- A Jamieson, J. Huvila, D. Chiu et al. Grade and estrogen receptor expression identify a subset of No Specific Molecular Profile (NSMP) endometrial carcinomas at very low risk of disease-specific death. Mod Pathol, Jan 2023 https://doi.org/10.1016/j.modpat.2022.100085
The prognostic value of molecular classification has been demonstrated repeatedly; across unselected population-based series, clinical trials, and even narrowly defined age- or histotype-stratified subsets. Specifically, patients with POLEmut EC have highly favorable outcomes with almost no recurrence events, in contrast to p53abn EC where >50% of patients recur and die from their disease. MMRd and NSMP have intermediate outcomes and need further prognostic refinement. Recent data also supports the predictive implications of molecular subtype assignment. Molecular sub-group analysis of clinical trial data (PORTEC-3 trial (1)) and a large retrospective series (cohort of 2500 ECs (2)) have both demonstrated improved survival outcomes in patients with p53abn ECs with adjuvant platinum-based chemotherapy when used with radiation compared to radiation alone in patients with European Society of Medical Oncology (ESMO) defined high risk EC. In contrast, there was no apparent benefit of chemotherapy observed in these series for patients with high risk MMRd ECs, compared to radiation alone. Individual patient data meta-analysis of all published and available international reports on POLEmut ECs showed that patients with confirmed pathogenic POLE mutations have almost no recurrence or disease specific death events, even when their tumors appear to have unfavorable clinicopathological or molecular characteristics, and adjuvant treatment was not associated with outcomes (3). There are a growing number of molecular subtype-specific clinical trials and ALL EC patients should be assessed for trial eligibility. For patients not eligible for clinical trials, it is recommended to follow this molecular directed adjuvant therapy algorithm. This algorithm should be applied to all surgically resected ECs of any histotype, including non-endometrioid carcinomas.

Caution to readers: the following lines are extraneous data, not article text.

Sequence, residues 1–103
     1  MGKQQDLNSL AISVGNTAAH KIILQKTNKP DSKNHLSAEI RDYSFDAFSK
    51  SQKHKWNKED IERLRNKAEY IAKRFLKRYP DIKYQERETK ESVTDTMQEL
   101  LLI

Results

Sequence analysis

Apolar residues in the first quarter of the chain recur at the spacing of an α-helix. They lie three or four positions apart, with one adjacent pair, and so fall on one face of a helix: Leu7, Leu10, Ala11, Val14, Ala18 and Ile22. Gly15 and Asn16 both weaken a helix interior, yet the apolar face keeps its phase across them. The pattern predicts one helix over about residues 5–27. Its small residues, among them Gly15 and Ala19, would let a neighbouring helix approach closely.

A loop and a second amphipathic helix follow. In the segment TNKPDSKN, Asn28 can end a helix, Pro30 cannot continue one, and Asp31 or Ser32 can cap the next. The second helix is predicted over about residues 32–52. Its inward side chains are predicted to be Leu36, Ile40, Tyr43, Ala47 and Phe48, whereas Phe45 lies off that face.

Carboplatin and paclitaxel 3 weekly schedule (GOENDCAT) is the recommended protocol) for 4- 6 cycles. If a patient has intolerance to GOENDCAT, consideration should be given to another taxane-platinum regimen. Carboplatin/liposomal doxorubicin (GOOVPLDC) can be considered if there is a contraindication to all taxanes.
Table 1. Adjuvant therapy guidelines for NSMP endometrioid carcinomas:
| ||IA||IB||II**||IIIA /B||IIIC||IV***|
|Grade 1||O*||VB||C, EB+/-VB||C+EB||C+EB||C|
|Grade 2||O*||VB||C, EB +/- VB||C+EB||C+EB||C|
|Grade 3||VB||C+EB||C, EB+/-VB||C+EB||C+EB||C|
- O=observation, VB=vault brachytherapy, EB=external beam radiation, C=chemotherapy
NB There is no level 1 evidence showing benefit from adjuvant chemotherapy used in addition to radiation in stage I-II NSMP ECs. We recommended referral for a discussion regarding adjuvant chemotherapy when indicated in table 1.
* For Stage IA or IB recommend pelvic radiotherapy if there is extensive/substantial LVSI (≥3 foci)
**For Stage II, chemotherapy should be considered if there is at least one additional high-risk uterine factor (deep myometrial invasion, or grade 3 tumor, or extensive LVSI).
*** Hormonal therapy, can be considered as first-line therapy in carefully selected stage IVB grade 1-2 tumors if ER positive (see section 9. Advanced Endometrial Cancer).